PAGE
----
Thursday, November 19, 2009


There's lots of ways to outline and different ways work for different people. Some find outlining doesn't work for them at all, others have a fluctuating outline.

I have found I need some type of framework to keep me focused when I write. Especially since I've started fast drafting and I don't have as much time to figure out what I last wrote and think what's supposed to come next. Those of you who are working moms know that time is almost as precious as chocolate.

How it works:
I break my story into 20 grids on a big piece of butcher paper like in the picture. Each grid represents a chapter. Now, this isn't set in stone, but it makes me think what's going to happen first and most importantly how it will all work out in the end.

I number each grid 1-20 in black marker. Then I give each chapter a header like this:
1. MC is in ordinary world. Extraordinary thing happens.
2. MC called to adventure- denies the call
3. MC meets mentor and can no longer deny the call

On the bottom of the grid I write Setting:_______. This keeps my characters from hanging out in the school cafeteria chapter after chapter. I find setting such a great writing tool, so I like to vary it and think of places I've not seen in other books.

Then in the big chunk of space provided, I insert sticky notes. They are color coordinated like this:
Green- main plot
Pink- romantic subplot
Yellow- secondary subplot (for me it's a family situation)
Blue- my antagonist (he's got his own evil agenda going on)

I write what happens during the chapter for each of these onto the papers and stick them into place. I like the sticky notes because they come on and off easily since changes do happen as I write. They also give me a quick visual where the subplots are showing up.

And that's it! This outline works for me because it keeps me from rambling off on some wild tangent (as I like to do), it forces me to think of the story as a whole, it's easy to change, and it's a great visual for what's happening in my story.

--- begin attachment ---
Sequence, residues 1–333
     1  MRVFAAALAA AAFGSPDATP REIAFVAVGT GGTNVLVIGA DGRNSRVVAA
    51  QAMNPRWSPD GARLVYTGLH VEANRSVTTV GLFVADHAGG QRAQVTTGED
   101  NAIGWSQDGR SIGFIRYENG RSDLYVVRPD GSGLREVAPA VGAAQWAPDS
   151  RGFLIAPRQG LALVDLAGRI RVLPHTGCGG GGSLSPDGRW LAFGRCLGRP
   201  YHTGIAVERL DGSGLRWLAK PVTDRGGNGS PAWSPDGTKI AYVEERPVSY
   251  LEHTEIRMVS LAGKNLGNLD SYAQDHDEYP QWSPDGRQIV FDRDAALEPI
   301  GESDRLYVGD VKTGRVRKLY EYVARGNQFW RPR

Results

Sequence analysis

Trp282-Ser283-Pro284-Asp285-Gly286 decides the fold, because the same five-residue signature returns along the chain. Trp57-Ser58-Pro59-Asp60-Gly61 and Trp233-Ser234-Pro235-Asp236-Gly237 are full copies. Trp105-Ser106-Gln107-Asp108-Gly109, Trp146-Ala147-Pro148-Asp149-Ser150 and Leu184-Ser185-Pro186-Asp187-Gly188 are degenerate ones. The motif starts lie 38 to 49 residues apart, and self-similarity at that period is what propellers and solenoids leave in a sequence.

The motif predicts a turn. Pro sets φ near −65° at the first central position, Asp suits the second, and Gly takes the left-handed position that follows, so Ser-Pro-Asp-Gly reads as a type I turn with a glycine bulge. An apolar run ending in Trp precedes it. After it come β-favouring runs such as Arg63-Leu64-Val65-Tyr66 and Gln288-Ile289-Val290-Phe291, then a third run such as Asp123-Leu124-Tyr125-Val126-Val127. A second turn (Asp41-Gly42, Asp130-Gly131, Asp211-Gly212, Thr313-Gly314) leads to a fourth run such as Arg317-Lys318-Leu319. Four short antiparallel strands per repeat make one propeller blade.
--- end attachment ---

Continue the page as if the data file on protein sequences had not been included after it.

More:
Do you outline? If you do, what tips do you have to share?


Kelly Polark said...

WOW! Now THAT is organization!

Jennifer Shirk said...

Oooh, you are too organized for me. LOL
How long does it take you?

My outlining is VERY...not good. LOL I usually do a general two page outline and then expand on it as I write and get ideas.

Angela Ackerman said...

I tried to do this once and failed miserably. I think for me, all I need is to know a few key scenes, and how the book starts and ends. If I try to plan to much, I hit a wall. I'm one of those types that needs lots of room between a & z so I can get a little lost. Lost is good for me--interesting stuff happens!

Shelli (srjohannes) said...

goodness - how organized. I just try to set up a document that has a sentence for each chapter on what the chapter is about. Then, I keep adding to it as I move thorough my manuscript. Its kind of a simultaneous process

Carmella Van Vleet said...

Yow-za! I bow down to your organizational greatness! When I first start a new project, I do a spider web kind of approach where the MC in the middle and anything and everything I can think of (setting, other characters, motivations etc) go out in random threads. Later on, I have a grid type outline. It always changes as the story progresses, though.

Brenda said...

WOW! What a great system...I wish I could be that organized...Hugs..

Christina Farley said...

Ha! You crack me up Kelly. I guess I am organized which would have sent me laughing hysterically prekids. But the thing is I'm a terribly determined person and if it means I have to be organized so I have time to write, let's do it!